May Day in Hawai’i!

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If you’re looking to learn more about the importance of May Day in Hawaiian culture, you’ve come to the right place! In this blog post, we’ll discuss the history and significance of this special holiday. We’ll also explore some of the traditions that are celebrated by Hawaiians on May 1st. If you’re planning a trip to Hawaii, be sure to mark May 1st on your calendar – it’s definitely worth experiencing!

May Day through the Centuries

In the Celtic tradition, one of the oldest examples of May Day is dancing around the MayPole. A pagan holiday, May Day used to be celebrated with dancing, fertility rituals, and bonfires. Now, May Day is celebrated in a range of different ways around the world. In Hawai’i, though, this special day has come to be an especially important event!

May Day in the US Mainland

For the US mainland, May Day has come to mark a crucial time in the 19th century when worker's rights made a great leap, and May Day came to represent International Workers Day. Prior to this 19th-century shift, there was no limit set on working hours for laborers. On May 1, 1886, representatives for worker's rights declared that "eight hours shall constitute a legal day’s labor..." (History.com). It wasn't legally declared though, which led to massive strikes, and clashes between the government and the people.

Funnily enough, May Day is rarely celebrated in the United States, but it is an official holiday in over 60 other countries!

May Day is Lei Day in Hawaii

In Hawaii, the May Day tradition of wearing lei first started on Lei Day (May 1, 1927) when people wore lei around Downtown Honolulu. Since its humble beginnings, May Day has become a powerful representation of the Aloha Spirit.

Giving and receiving lei is a symbol of friendship, love, welcoming, and celebration. Hawaii high school graduates are often drowning in lei on the day of graduation, as a sign of their family and friends' collected love.

May Day Celebrations in Hawaii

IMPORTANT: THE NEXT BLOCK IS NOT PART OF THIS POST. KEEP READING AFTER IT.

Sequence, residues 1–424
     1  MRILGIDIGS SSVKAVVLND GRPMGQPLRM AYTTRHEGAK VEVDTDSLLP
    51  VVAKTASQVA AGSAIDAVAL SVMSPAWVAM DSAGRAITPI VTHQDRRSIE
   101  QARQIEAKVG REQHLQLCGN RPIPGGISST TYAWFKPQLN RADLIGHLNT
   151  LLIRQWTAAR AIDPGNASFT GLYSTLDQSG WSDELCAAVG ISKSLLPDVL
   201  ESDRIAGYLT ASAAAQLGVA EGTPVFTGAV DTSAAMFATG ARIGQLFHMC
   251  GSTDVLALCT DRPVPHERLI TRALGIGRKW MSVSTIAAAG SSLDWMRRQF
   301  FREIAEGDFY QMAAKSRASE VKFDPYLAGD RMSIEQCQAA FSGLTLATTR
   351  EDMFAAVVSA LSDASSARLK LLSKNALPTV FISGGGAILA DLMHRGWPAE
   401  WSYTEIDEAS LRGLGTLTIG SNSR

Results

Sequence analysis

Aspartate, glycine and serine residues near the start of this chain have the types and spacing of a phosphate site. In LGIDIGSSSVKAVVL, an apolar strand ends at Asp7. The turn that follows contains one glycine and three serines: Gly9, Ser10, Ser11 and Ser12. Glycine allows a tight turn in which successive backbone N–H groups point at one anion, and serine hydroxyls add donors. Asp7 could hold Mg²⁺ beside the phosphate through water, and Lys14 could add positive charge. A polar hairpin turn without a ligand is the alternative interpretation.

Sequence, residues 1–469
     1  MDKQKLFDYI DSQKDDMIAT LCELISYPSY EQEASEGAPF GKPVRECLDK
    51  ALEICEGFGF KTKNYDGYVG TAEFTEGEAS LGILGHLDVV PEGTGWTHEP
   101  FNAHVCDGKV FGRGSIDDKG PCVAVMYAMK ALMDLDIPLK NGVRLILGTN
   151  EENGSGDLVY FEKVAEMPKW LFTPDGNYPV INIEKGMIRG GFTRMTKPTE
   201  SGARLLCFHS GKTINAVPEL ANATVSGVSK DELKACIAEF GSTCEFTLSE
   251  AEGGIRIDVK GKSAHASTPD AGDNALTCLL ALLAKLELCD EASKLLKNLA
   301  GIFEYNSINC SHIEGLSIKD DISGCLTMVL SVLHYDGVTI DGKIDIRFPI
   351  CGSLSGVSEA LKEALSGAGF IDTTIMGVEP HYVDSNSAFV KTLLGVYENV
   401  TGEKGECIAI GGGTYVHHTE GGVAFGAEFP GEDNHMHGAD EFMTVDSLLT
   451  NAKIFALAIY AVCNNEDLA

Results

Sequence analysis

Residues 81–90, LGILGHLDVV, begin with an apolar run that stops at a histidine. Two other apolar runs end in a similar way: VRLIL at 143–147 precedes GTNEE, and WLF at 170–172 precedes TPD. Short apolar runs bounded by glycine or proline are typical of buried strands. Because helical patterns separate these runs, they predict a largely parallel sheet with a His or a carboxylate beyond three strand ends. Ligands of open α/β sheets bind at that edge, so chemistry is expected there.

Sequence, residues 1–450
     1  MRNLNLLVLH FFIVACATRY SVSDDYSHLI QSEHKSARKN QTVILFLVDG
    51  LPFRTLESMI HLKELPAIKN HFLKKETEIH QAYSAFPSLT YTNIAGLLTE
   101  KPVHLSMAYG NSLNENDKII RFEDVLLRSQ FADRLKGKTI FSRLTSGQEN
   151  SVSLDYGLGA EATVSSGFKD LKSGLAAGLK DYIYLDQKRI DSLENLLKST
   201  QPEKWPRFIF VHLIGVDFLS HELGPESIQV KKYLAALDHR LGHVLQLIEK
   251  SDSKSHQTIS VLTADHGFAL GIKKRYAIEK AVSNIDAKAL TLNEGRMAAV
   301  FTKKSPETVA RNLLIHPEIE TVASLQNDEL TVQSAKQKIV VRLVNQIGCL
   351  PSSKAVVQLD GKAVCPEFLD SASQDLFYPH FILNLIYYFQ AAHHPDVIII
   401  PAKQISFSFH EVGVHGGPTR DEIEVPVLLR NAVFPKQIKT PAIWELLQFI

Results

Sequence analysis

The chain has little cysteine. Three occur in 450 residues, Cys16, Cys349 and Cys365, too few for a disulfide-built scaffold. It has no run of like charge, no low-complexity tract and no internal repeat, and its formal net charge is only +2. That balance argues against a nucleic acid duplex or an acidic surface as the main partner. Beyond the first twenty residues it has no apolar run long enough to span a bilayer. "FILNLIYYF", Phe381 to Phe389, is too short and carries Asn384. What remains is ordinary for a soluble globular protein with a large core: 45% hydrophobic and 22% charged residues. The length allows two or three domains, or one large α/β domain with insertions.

In the Hawaiian islands, there are a number of events and festivals in elementary, middle, and high schools. There are also public events like pageants and parades such as this year's 93rd annual Lei Court event in Honolulu.

May Day Celebrations in Hawaii

You might also see lei around the necks of historic statues around our islands, such as the Duke Statue in Waikīkī and the statue of King Kamehameha during Kamehameha Day. Lei is also used to indicate deference and respect in Hawaiian culture. When giving or receiving a lei, you’re sharing a sense of aloha (love, compassion, affection), lokahi (unity), and being welcomed into our ohana (family). 

Customarily, lei are often made with purple orchids or plumeria flowers. These are the most popular and commonly seen lei. On special occasions, more expensive flowers or adornments are used. Flowers like ginger, which has an amazing smell, puakenikeni, maile, and kukui nut are examples of these lei.  Maile lei is often worn by men during wedding ceremonies, and the gorgeous haku lei are often worn by brides.

Lei are also used to show love and reverence to those who have passed. In a paddle out ceremony, guests will hop onto surfboards, boogie boards, SUP boards, and boats. They’ll choose a designated area to make a circle, and cast the lei into the ocean to celebrate the passing of a loved one.

Welcome to Hawaii

During your visit, you'll likely get lei'd somewhere, whether it's when you arrive at the airport (family members often purchase lei for each other) or maybe when you get to your hotel. If you're attending a special event while you're here in the islands, be sure to bring a lei to celebrate the hosts of the event!